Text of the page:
Standing atop a paddleboard and navigating the water might look easy when you’re standing upon the shore but, especially for those venturing out for the first time, it isn’t as casual a task as it seems. Even without waves testing your balance, paddleboards require a certain amount of confidence and dexterity, as well as an understanding of the equipment, for a paddleboarder to enjoy themselves and remain safe.
That being said, paddleboarding is both known and decidedly popular because of its accessibility, so don’t let this put you off. The watersport welcomes a range of people of all different ages and physical abilities. Before you get out onto the water, however, there are just a few things you need to know.
Secure Your Leash
All paddleboarders will attach their board to their body, and for good reason. Should you fall from your board and into the water, there’s a good chance that you will be separated from your board, making it difficult to reclaim your position and safety.
Promising you are connected, however, whether by an ankle or waist leash, you will be able to climb aboard once more.
Launch With Caution
Transferring yourself from land to water is often considered to be the most difficult part of paddleboarding. It is important to remember that certain areas, particularly those at sea and around boats, will be most susceptible to waves and rocking, so be sure to have extra caution.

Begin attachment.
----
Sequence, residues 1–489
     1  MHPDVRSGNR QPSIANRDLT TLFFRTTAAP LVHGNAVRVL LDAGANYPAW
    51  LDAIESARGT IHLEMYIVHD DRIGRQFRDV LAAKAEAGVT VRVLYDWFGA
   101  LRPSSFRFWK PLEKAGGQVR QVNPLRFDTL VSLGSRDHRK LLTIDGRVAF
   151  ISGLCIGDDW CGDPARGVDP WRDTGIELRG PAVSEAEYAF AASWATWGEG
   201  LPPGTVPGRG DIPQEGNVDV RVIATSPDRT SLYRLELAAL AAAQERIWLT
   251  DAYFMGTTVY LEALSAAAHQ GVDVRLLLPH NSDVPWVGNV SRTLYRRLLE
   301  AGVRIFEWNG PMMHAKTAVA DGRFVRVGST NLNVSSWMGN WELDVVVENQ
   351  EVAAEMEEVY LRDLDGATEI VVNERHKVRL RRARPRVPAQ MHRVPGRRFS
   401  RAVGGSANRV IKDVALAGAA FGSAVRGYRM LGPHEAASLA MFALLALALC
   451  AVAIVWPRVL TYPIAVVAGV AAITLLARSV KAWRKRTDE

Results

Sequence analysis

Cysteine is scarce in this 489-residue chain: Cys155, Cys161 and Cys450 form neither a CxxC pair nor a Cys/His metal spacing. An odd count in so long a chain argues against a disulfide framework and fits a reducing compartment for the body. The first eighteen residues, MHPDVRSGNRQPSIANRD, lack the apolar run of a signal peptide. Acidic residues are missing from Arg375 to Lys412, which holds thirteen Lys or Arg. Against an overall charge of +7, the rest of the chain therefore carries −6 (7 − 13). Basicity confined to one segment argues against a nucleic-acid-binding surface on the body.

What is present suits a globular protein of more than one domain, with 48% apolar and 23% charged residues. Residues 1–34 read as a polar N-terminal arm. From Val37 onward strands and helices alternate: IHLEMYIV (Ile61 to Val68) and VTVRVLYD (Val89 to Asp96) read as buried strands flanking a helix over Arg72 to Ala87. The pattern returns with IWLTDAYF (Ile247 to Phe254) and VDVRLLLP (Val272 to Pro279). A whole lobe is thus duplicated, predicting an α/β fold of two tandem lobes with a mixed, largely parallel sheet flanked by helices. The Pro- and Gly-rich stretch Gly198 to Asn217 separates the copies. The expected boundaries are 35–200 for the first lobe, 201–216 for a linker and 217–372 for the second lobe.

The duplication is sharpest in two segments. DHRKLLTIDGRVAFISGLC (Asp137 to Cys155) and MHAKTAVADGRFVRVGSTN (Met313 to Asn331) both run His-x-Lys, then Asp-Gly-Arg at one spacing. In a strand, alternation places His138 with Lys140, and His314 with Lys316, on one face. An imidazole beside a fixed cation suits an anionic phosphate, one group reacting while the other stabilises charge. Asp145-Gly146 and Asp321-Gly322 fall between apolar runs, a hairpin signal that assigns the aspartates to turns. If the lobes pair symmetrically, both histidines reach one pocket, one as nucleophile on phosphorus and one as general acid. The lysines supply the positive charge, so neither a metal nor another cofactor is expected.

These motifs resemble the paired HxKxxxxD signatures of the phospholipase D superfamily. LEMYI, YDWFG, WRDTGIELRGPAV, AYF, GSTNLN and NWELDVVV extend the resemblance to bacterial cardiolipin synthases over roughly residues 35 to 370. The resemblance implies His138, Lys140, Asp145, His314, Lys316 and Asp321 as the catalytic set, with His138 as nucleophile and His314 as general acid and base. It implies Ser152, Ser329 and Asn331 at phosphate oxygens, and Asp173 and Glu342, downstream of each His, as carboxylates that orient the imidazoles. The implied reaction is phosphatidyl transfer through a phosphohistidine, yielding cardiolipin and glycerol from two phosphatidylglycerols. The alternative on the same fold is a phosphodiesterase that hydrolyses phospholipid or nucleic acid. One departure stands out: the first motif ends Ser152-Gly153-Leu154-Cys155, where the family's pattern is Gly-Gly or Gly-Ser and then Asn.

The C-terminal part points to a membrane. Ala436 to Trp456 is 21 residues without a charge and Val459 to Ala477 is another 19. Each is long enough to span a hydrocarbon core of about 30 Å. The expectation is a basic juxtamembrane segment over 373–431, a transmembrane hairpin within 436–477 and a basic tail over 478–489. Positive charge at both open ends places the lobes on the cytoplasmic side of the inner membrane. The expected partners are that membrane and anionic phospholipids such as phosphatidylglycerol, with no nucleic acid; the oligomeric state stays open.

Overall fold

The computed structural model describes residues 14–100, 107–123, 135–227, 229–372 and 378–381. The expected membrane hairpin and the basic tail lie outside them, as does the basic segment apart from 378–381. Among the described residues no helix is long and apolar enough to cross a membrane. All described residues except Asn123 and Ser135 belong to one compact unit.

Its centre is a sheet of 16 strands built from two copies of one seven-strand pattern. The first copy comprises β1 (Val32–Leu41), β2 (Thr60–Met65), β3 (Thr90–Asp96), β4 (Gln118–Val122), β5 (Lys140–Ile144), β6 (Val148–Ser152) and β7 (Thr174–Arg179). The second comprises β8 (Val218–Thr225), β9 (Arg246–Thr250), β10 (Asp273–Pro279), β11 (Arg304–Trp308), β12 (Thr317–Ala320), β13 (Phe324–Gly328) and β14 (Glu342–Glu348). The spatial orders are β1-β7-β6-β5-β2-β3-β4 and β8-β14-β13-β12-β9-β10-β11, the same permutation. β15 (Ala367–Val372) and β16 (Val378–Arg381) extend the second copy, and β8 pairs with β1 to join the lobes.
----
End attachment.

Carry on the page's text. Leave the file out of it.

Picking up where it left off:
Know Your Paddleboard Preference
Not every paddleboard is the same. Depending on your preference, there are a number of different types of paddleboard to suit you, including various sizes, styles, and designs. Individuals will also need to choose between a solid and inflatable paddleboard too.
There’s an ongoing discussion regarding the differences between both solid and inflatable boards but, for a beginner, one should primarily concern themselves with which is easiest for them to carry and store.
Handle Your Paddle
Correctly holding the paddle is important when on the water because failing to do so correctly will result in more exertion and less control. Additionally, it is important to remember that, when coming close to a wall or object in the water, do not use your paddle to push yourself away. Doing so is likely to leave you falling into the water!
Perspective Affects Balance
There’s an inclination among beginner paddleboarders to keep their eyes on their feet and body. Doing so, however, is actually counterproductive and will likely lead to difficulty balancing. Instead, it is most appropriate to keep your eyes on the horizon, as well as the direction you’d like to travel.
It may be difficult at first to pull your gaze away from yourself but it is actually much easier to both balance and navigate if you do.
Fall Off, Climb On
To overcome the anxiety many experience when first paddleboarding, it is recommended that individuals practice falling off of their board and climbing back on. This will relieve any potential stress and help paddleboarders to feel more comfortable and able to keep their cool when out on the water.